What are Fuse Blocks?
Fuse blocks are important electrical components intended to protect a vehicle's electrical devices from shorts or power surges. The fuse blocks contain fuses rated at different amperage values depending upon the electrical device that it is protecting. Upon a sudden voltage spike or short, the fuse will burn out, protecting the affected device.
Changing an automotive fuse is a straight-forward operation. Once the appropriate blown fuse has been located, it is pulled from its mounting location within the fuse block. A new fuse is simply inserted into the vacated location in the fuse block. It is imperative that the same amperage rated fuse is used when changing any blown fuse.
Automotive fuse blocks use fuses rated from 15 to 30 amps. This rating coincides with a particular electrical component's ability to withstand damage. The fuse blocks are designed to allow the fuse to blow or burn out before the component can be damaged. Replacing any blown fuse with a fuse of a higher amperage rating could cause irreparable damage to the vehicle's electrical component.
There are several different types of fuses located within fuse blocks. Vehicles made by manufacturers before 1980 may have glass fuses. The more common plastic, push-in type fuses were used in fuse blocks from the 1980s to present worldwide. Found in limited use are mini-fuses. These fuses resemble the plastic, push-in type fuse; however, they are much smaller.
Fuse blocks can be found in the dashboard of most vehicles. Some vehicles have fuse blocks located within the engine compartment. Refer to the operator's manual of a vehicle to find the fuse block location. It is a good idea to locate the fuse block as well as to become familiar with the fuse locations during daylight hours. This eases the difficulty of locating a particular fuse in the dark should a problem ever arise.
While the typical automotive fuse block is designed to operate for the life of the vehicle, there is occasionally the need to replace it. Many after-market companies manufacture replacement fuse block and wiring systems. Many of these are color coded with the particular vehicle manufacturer's wiring colors. Others are labeled on the wire itself as to its purpose.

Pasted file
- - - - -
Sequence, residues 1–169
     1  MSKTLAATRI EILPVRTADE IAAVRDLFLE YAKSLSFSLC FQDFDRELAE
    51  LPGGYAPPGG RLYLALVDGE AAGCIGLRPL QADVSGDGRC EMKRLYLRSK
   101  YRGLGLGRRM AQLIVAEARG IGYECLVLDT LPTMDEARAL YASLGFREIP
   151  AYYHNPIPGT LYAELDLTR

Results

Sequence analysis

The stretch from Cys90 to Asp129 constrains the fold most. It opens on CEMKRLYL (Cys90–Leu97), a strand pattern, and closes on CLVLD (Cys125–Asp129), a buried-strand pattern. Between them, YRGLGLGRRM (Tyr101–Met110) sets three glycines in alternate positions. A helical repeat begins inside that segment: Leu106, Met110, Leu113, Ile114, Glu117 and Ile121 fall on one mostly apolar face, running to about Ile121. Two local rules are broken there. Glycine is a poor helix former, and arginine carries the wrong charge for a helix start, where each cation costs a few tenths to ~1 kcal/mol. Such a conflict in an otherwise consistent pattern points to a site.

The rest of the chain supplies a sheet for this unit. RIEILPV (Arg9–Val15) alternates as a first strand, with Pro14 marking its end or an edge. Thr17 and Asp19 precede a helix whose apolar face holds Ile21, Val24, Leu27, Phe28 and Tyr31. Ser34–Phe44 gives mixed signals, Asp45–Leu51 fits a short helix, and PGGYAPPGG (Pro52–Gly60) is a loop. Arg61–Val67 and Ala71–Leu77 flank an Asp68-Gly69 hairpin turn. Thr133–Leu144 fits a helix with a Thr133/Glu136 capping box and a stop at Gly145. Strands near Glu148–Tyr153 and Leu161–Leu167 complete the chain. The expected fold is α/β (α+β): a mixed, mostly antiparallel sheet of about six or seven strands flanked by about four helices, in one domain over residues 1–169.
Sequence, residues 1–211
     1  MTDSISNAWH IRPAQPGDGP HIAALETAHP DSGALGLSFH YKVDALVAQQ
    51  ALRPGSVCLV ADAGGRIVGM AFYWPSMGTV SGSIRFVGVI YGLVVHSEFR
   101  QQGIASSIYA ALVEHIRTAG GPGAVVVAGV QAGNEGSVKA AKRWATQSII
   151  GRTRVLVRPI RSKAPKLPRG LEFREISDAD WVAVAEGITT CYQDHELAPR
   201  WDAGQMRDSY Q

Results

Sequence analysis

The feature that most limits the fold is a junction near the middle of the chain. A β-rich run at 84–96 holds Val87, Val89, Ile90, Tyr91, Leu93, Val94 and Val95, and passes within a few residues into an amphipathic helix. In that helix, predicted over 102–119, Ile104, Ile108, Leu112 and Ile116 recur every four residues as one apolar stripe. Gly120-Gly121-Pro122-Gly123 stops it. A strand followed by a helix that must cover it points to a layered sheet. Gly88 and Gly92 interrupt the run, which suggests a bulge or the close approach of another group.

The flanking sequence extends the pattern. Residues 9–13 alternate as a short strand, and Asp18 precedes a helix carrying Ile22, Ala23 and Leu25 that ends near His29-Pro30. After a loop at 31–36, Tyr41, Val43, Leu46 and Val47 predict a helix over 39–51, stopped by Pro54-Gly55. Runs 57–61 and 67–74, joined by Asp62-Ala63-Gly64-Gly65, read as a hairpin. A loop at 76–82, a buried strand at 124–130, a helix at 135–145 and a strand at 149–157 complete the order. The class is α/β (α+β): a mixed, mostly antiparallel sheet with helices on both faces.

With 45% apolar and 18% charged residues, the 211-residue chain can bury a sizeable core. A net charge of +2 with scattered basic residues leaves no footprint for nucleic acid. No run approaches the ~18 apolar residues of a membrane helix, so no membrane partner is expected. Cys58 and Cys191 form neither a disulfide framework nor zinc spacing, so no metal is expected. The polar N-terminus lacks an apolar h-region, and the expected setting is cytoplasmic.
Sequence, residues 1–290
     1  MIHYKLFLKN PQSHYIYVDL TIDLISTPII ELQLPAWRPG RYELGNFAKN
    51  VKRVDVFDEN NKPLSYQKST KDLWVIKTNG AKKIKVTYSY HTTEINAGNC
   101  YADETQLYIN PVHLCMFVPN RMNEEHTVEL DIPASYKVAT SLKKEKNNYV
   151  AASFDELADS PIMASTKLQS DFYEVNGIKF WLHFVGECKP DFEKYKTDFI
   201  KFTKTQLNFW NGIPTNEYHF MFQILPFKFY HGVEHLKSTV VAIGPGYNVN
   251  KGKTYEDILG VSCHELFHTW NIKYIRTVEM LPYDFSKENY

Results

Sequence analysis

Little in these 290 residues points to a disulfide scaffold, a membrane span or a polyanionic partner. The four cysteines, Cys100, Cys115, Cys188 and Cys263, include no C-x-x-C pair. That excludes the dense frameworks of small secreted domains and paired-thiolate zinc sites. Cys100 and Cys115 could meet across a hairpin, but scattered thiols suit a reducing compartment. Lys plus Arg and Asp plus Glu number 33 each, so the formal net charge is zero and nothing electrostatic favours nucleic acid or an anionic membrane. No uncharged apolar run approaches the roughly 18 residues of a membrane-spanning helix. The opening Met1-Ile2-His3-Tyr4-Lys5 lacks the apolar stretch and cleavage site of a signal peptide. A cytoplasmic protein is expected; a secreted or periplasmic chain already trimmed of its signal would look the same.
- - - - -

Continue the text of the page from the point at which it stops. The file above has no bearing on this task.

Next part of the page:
Automotive fuse blocks need no particular maintenance. It is, however, important that the fuse block be kept dry and free of any debris. There should be a free flow of air provided to the fuse block to prevent heat build-up. An occasional check of the fuses to locate any loose fuse should be part of a vehicle's preventative maintenance routine.
What are rocker switches?
Rocker switches are electrical switches that are equipped with a spring-loaded button. When the button is pressed in one position, a circuit is completed. If the button is released, the spring-loaded operation pushes the button back to its resting position and the circuit is open.
Some rocker switches operate more than one circuit on the same button. An excellent example is a power door lock switch. When the lock button is pressed, the power lock actuator is commanded to lock. When the button is released, the switch springs back to the resting position and power no longer is sent to the lock actuator to lock the door, though it remains in the locked position. The other end of the rocker switch is the unlock button. When it is pressed and released, the same function occurs with the lock actuator for the unlocked position.
Some rocker switches activate a timer and when the button is released, the function continues to operate until the timer turns off, such as a rear window defogger grid button.